understanding you are exactly
where you need to be.
Austen Berj Brooks, July 26, 2014

What is a life? A life is precious and complex,  a composite of many things.  Physically it has a start and a finish, but on another level, it has no boundaries – first, because you never stop caring or thinking about the one who is not here, and you certainly never stop loving him and, second, because all lives leave a legacy. The lasting effect a person has on us, the day-to-day dealings he had with us, the feelings, perceptions, thoughts, ideas that the person shared with us – those live on. Even more so when those reflections are expressed in writing.  I am grateful to have Austen’s words.  A life, a legacy that lives on and can be shared.  The lovely gem above is from his ‘Journey Through Sobriety,’ dated July 26, 2014, when he was 22 years old and almost 5 months sober.  A young man reaching for the stars, reflecting, earnest in his hopes, wise for his years:

I want to believe that the sky is the limit. . . . I want to be successful, I want to keep growing and taking off like a rocket. I want girls in my life. Cute girls, interesting girls, dark girls, light hearted girls, fun girls, thoughtful girls. . . .  I’m determined to overcome any obstacle, push through any barrier. Reach for the stars, taste greatness. Average just won’t do, pretty good is not enough. I want to find someone who understands me and who I can be myself with. I want my art to become something I can truly be proud of. I want to be an honest, understanding, funny, confident person. I want to be responsible and reliable. I just want things to start to come together in my life. I am so tired of waiting for it to finally happen. All I can do is try to be myself and be a good person. All I can do is keep working hard, stay sober, stay positive and strive for greatness. . . .  I just need to keep things straight. I just need to stay on top of things. I just need to find that groove where I just follow the natural order of things and fly through life like a slalom skier with speed and precision. . . .

I need to elevate myself.  I need to enlighten myself.  Don’t stoop down to the level of the world.  Stay above the storms and turbulence.  I have to give myself up to the universal forces that govern all of us.  I have to look for the more difficult answer, the difficult path.  After all, willingly or unwillingly, wittingly or unwittingly, this is the path I have followed in my life.  The path of suffering and hard realities.  Big questions and hard answers. There is now light at the end of the tunnel, but I continue to panic and worry that I’m not acting right or not heading in the right direction. This is an illusion.  I want to be back to being positive about my life and where it’s heading, after all, why shouldn’t I be?  I just need to slow down, reflect, center myself.  I want to feel happiness and wonder and amazement.  At least some of the time.  The truth of life lends itself to these emotions as well as their counterparts.  If I can make meaningful progress.  If I can have good relationships.  If I can have fun.  If I can stay positive that I won’t be alone forever. Life is good.

You have been blessed with so much in this unfair world.  The most important thing you have been given a second chance.  Even if your world is not right where you want it to be at this moment, you now have the chance to get there. Almost 5 months of sobriety.  Who would ever thought.  It hasn’t sunk in fully.  Most things never do.  Life is too fleeting.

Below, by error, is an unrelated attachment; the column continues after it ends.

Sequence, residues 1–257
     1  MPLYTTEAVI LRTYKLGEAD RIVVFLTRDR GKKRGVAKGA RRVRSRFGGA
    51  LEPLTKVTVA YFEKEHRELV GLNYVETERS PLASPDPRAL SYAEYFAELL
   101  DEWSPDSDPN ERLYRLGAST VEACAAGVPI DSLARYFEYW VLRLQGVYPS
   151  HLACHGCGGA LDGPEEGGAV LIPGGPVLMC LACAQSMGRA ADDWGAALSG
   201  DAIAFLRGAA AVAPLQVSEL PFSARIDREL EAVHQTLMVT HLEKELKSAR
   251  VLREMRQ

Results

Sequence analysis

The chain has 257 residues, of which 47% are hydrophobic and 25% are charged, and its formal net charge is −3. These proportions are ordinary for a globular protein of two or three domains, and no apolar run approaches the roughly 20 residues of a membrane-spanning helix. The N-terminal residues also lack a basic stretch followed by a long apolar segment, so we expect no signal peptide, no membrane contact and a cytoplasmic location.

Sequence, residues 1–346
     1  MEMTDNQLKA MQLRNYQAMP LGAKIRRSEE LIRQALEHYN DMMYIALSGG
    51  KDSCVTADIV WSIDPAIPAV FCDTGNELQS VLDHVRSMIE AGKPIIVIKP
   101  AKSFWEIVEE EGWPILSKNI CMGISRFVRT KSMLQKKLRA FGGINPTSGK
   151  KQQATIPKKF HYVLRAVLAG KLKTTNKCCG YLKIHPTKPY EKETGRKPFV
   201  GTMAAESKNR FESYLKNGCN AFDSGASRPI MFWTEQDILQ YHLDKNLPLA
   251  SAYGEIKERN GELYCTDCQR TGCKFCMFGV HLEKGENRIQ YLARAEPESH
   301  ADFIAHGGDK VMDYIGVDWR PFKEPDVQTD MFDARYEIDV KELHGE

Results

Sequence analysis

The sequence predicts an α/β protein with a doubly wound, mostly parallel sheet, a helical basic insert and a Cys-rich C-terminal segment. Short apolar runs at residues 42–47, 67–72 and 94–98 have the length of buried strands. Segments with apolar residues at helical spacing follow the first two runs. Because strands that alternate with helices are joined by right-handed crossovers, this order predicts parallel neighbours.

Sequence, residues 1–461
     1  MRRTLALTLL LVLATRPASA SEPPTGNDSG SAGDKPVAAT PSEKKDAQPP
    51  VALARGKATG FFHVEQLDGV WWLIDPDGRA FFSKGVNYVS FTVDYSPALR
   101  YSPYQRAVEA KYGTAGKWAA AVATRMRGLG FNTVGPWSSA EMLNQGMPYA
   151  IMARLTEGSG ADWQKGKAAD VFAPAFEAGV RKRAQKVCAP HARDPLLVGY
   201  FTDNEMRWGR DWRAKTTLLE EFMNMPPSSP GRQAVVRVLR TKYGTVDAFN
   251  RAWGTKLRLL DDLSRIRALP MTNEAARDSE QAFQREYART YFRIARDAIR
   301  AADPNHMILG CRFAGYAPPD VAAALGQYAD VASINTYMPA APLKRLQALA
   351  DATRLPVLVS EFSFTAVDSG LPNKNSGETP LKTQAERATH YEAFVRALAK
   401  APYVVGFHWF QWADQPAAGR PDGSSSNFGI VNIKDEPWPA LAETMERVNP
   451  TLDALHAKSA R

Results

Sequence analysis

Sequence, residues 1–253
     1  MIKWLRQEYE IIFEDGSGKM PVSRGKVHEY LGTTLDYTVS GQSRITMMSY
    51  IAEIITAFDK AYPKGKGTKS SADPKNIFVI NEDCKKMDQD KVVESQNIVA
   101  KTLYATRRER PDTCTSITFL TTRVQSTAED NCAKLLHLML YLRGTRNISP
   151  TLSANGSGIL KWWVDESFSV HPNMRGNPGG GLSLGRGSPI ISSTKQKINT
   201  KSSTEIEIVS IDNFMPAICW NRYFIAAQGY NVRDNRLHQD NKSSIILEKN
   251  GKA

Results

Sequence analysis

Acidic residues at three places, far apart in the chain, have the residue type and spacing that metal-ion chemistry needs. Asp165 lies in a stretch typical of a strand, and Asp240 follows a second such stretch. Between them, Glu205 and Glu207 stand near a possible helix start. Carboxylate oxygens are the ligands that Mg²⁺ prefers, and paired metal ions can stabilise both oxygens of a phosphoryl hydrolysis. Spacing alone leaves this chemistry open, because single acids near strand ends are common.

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Photo of Austen taken by his friend Reid Fragel in 2009.

Relationships are what you remember.  Love is what breaks through the barriers. Peace is knowing who you are and understanding you are exactly where you need to be.

If I can love myself then I will no longer need someone to love me and eventually they will enter the picture naturally and we will be a sum greater than our individual parts.
                                                                                                                  Austen Berj Brooks, July 26, 2014

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From ‘Spirit of the Butterfly’  Suzanne Sahakian 2016

                                                                                                             

                                                                               

Stand At The Junction Of Bliss & Insanity

I remember Austen texting me this photo he took of a snowy evening in Bloomington, Indiana, where he was a student at Indiana University. He later used the photo for a hand-made card he gave me on Christmas day, 2010 or 2011.

 As Christmas approaches, I miss his wish lists and links to possible gifts I could get him and those wonderful memories of he and his siblings padding downstairs at 2:00 am in the morning to see what Santa had brought them. Aside from getting gifts, he seemed to appreciate the magic of the season, the magic of the new blowing snow, of the colors in the night, of the feeling of being truly alive.

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Photo taken by Austen in downtown Bloomington, IN, December 5, 2010.

As 2015 comes to a close, words from Austen to take you through the holidays and into the new year with the force of ‘positivity’:

I am brimming with life, with creativity, spirituality, love and even greatness if I believe.  I can change my perceptions.  Nobody is going to love you and believe in you before you do.  It’s not for anyone else either.  It’s not to make someone jealous or outperform your peers. It’s because you know yourself.  You know that you are a person who is worth it. … If my internal world is positive, I can go forward without fear.  You can’t let your thoughts become so convoluted.  This is just a tactic.  Let your love out and breathe it back in.  Open your heart and your mind to the universe. Stand at the junction of bliss and insanity and be brave.
     Austen Berj Brooks, ‘Journey Through Sobriety,’ June 23, 2014.